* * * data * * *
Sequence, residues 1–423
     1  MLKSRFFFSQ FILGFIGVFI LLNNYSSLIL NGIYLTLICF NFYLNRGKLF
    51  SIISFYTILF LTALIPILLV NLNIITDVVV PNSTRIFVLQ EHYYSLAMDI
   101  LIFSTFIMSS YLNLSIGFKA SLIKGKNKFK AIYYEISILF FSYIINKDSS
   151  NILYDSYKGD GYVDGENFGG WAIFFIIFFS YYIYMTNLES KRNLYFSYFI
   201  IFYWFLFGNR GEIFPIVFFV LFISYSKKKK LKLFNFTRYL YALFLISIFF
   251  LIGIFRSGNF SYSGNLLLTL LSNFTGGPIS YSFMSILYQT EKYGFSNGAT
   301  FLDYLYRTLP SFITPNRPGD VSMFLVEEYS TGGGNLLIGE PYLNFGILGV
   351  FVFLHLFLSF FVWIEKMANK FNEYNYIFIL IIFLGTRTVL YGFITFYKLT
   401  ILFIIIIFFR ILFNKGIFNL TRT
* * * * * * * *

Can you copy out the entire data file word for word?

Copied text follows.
Sequence, residues 1–423
     1  MLKSRFFFSQ FILGFIGVFI LLNNYSSLIL NGIYLTLICF NFYLNRGKLF
    51  SIISFYTILF LTALIPILLV NLNIITDVVV PNSTRIFVLQ EHYYSLAMDI
   101  LIFSTFIMSS YLNLSIGFKA SLIKGKNKFK AIYYEISILF FSYIINKDSS
   151  NILYDSYKGD GYVDGENFGG WAIFFIIFFS YYIYMTNLES KRNLYFSYFI
   201  IFYWFLFGNR GEIFPIVFFV LFISYSKKKK LKLFNFTRYL YALFLISIFF
   251  LIGIFRSGNF SYSGNLLLTL LSNFTGGPIS YSFMSILYQT EKYGFSNGAT
   301  FLDYLYRTLP SFITPNRPGD VSMFLVEEYS TGGGNLLIGE PYLNFGILGV
   351  FVFLHLFLSF FVWIEKMANK FNEYNYIFIL IIFLGTRTVL YGFITFYKLT
   401  ILFIIIIFFR ILFNKGIFNL TRT